The last time we covered HUMMER, we raved about the 2008 H3 Alphas. We loved the 5.3L V-8 and all the other Alpha trimmins that came with it. For 2009, the H3T pickup debuts.
In December of 2003, HUMMER showed a concept called the H3T. While it was really just a styling exercise, based on the H2, it raised a lot of eyebrows and got a lot of people asking GM to actually build the thing.
In the midst of HUMMERs questionable future with GM (and GM's own future), they are answering that call for a pickup and they brought us to the Sierra Mountains of California for a first look at the ready-for-production 2009 HUMMER H3T.
The H3T is based on the standard H3 SUV. From the B-pillar forward, it’s pretty much the same. However, behind it, you get a crew-cab and a five foot truck bed.
Coming in bigger than a mid-size truck (think Dodge Dakota) but a little smaller than, say, a Silverado, the H3T is a really nice size. It’s practically full-size, but without the extra heft.
The base model is still powered by the inline 5 cylinder. We’re not a fan of this engine in this application on the road at all. There, we’ve said it. But if you want your H3T with a 5-speed manual, it will be your only choice.
On the trail, however, the 3.7L I-5’s 239hp and 241 lb.-ft of torque work quite nicely with the stick shift. Engine compression rocked and the truck creeped over obstacles with nary a jerk. But once we left the trails and hit the roads back to town, it proved anemic on the mountainous roads of the Sierras. “Hey you, minivan, get off my butt! I’m tryin!” Perhaps closer to sea-level in flatter areas of the country, it wouldn’t be so bad.
As we mentioned earlier, though, the V-8-equipped Alpha models are the real gems here and the only ones worth a serious look if you plan to actually use your truck or get out of your own way on the roads.
Producing 300hp and 320 lb.-ft of torque, the V-8 had enough grunt to get us where we wanted in a hurry. Oh, and we did try, too. The roads toward the trail were very rural, hilly and curvy and pushed it hard to see what it would do.
My co-pilot and I both noticed how compliant the truck was around the tight turns and how little body roll there was. The heavy-handed steering wheel kept us going where we aimed and we never freaked out as oncoming trucks came our way and we had to stab the brakes. Very well, done, guys.
For the most part, on the highway, the H3T was a smooth cruiser with one exception. There was a grated bit of highway we traveled that caused a good bit of harmonic bed shake that we both noticed and disliked. This was the only time, though. On “normal” roads, it handled very well with little disturbance. Inside was surprisingly quiet for a truck and the seats were very comfortable – some of the best we’ve saddled up to.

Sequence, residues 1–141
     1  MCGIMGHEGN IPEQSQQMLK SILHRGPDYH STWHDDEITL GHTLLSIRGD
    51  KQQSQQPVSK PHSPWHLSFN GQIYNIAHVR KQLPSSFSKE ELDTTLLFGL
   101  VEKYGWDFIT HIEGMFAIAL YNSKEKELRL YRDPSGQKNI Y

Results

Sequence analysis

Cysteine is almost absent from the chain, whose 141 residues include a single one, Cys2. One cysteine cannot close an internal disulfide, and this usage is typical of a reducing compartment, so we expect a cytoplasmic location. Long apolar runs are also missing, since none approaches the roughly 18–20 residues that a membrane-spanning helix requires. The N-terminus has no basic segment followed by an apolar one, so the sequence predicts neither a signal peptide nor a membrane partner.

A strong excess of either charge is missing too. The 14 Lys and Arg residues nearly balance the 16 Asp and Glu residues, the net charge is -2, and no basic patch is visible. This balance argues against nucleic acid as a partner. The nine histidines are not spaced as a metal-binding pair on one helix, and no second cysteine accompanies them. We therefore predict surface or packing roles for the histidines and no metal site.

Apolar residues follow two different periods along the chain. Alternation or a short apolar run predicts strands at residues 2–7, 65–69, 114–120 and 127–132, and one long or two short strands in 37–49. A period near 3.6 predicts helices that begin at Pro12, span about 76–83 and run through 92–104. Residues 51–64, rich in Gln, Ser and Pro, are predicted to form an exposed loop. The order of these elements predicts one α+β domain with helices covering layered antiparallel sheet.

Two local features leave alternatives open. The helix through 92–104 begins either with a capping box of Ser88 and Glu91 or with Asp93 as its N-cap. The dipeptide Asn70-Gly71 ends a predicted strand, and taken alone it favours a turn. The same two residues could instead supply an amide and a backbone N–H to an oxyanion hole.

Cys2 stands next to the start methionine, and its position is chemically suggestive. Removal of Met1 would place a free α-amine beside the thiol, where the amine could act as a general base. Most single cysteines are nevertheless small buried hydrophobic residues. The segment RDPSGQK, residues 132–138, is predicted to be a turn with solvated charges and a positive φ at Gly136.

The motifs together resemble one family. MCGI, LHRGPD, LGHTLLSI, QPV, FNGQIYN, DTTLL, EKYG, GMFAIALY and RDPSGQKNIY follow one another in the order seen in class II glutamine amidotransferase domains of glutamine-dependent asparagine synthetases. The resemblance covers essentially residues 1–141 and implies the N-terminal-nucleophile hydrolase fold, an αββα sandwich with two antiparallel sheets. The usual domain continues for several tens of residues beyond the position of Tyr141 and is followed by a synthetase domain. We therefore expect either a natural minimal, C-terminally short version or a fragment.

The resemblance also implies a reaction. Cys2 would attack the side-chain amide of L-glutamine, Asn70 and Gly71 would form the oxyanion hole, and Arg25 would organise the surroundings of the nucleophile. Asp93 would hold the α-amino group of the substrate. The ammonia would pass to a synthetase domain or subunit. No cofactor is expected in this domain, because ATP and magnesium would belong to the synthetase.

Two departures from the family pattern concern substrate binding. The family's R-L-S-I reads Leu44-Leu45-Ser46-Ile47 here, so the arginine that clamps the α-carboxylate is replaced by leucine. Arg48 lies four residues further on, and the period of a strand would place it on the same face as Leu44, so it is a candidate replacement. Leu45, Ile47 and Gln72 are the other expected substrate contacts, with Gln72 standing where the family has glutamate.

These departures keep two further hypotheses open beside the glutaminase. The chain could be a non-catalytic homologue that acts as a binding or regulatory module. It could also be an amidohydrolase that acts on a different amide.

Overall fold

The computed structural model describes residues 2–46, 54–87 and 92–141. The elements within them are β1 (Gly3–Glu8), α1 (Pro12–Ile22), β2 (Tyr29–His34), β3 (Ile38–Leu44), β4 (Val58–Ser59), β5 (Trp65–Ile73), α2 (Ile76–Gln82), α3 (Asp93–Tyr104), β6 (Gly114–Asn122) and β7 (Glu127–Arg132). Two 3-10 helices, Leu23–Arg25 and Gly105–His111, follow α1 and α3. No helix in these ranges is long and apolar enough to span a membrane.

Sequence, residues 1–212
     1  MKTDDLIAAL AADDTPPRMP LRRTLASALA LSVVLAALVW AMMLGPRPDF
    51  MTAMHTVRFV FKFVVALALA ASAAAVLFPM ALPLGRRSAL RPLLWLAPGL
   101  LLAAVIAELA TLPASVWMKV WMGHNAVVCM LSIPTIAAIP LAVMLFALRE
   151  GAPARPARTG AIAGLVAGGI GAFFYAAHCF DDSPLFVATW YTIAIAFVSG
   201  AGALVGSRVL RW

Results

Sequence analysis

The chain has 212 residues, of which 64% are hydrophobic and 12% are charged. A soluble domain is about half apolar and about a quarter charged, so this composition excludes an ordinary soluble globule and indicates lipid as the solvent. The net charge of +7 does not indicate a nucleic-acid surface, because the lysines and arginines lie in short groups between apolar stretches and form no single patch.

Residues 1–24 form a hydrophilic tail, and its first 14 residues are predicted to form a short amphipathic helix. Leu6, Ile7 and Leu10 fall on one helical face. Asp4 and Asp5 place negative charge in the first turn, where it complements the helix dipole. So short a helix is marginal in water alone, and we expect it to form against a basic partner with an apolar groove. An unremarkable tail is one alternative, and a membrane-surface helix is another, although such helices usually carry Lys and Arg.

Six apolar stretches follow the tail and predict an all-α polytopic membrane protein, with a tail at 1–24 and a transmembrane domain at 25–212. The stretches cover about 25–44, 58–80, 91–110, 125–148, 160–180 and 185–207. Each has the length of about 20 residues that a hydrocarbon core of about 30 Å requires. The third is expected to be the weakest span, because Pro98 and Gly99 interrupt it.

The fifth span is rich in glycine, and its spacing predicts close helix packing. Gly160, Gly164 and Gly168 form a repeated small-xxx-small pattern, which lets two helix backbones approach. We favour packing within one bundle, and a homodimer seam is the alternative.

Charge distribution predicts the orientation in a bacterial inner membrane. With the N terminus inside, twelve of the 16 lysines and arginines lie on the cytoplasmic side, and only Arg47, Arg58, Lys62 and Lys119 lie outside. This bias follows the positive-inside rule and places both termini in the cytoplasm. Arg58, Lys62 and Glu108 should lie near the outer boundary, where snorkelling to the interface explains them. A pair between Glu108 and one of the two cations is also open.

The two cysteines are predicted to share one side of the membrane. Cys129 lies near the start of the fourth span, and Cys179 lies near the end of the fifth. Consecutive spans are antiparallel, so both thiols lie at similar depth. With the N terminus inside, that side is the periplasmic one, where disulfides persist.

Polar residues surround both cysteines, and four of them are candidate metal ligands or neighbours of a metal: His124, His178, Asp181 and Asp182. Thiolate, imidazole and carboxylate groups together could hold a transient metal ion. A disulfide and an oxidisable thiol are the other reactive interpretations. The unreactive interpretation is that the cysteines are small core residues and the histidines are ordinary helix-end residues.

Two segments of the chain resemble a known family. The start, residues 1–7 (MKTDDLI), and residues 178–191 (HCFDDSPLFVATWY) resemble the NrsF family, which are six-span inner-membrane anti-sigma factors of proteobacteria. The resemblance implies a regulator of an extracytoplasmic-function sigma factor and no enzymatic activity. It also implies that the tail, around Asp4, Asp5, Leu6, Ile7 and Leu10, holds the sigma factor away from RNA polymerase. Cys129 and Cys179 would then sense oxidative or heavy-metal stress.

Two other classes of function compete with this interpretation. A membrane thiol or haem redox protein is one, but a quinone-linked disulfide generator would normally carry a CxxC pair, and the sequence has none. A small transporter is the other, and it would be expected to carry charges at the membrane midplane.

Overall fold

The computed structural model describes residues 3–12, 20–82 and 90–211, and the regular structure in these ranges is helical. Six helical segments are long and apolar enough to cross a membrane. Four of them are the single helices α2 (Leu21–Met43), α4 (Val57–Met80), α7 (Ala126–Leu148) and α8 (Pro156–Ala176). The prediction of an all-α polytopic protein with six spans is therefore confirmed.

Speaking of the interior, I’m a big fan of GM anyway, but they just keep getting better. The rubbery, tactile feel of the knobs and the dash and door panel plastics are all very nice and feel good to the touch – not like some others we’ve been in that still feel like cheesy thin plastic. Most of the fit and finish was good with only a few not-so-perfect lines and edges to be seen. While these were built on the assembly line in Louisiana, they were not final production models, though, so hopefully they’ll tighten up a few tolerances here and there.
We mentioned how comfy the front seats were already. What we didn’t talk about yet was the rear seating area. While the H3 SUV’s doors have to deal with becoming part of the fender well, getting in and out can be a little tight for adults. The H3T, due to its additional 22.3” of wheelbase, gets full rear doors. Getting in and out was a piece of cake and there was plenty of room for adults to ride in the 60/40 split back seat all day.
Moving to the business section of the pickup, the bed, as mentioned, is 5 feet in length – long enough to park a couple of dirt bikes back there. With the removable tailgate down, you can also easily carry that all-important stack of plywood, too.
If you have to carry more than what fits in the bed, the 3.7L can tow 4400 lbs. while the V-8 Alphas can pull 5900 lbs.
The H3T’s bed comes with a plastic bedliner and two storage compartments on each side to hold small items. An optional bed rail system similar to the Silverado’s can be had for additional cargo security.
But wait, there’s more! We rode with a member of the Boomerang development team, in an H3T sporting one of their accessory racks. Still in development, the rack was set up to carry kayaks, but we gave them plenty of other ideas to work on since they’re not done yet.
HUMMER is already promising more than 75 dealer-installed accessories and, of course, the aftermarket will bring many more. You can bet this pickup will have plenty of different configurations once it hits the streets.
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Michael Cohn is the founder and Editor of ROCKCRAWLER.com. Michael finds great pleasure in driving other peoples' vehicles and doesn't always drive with his mouth open. To volunteer your rig for abuse, please contact
Michael at firstname.lastname@example.org.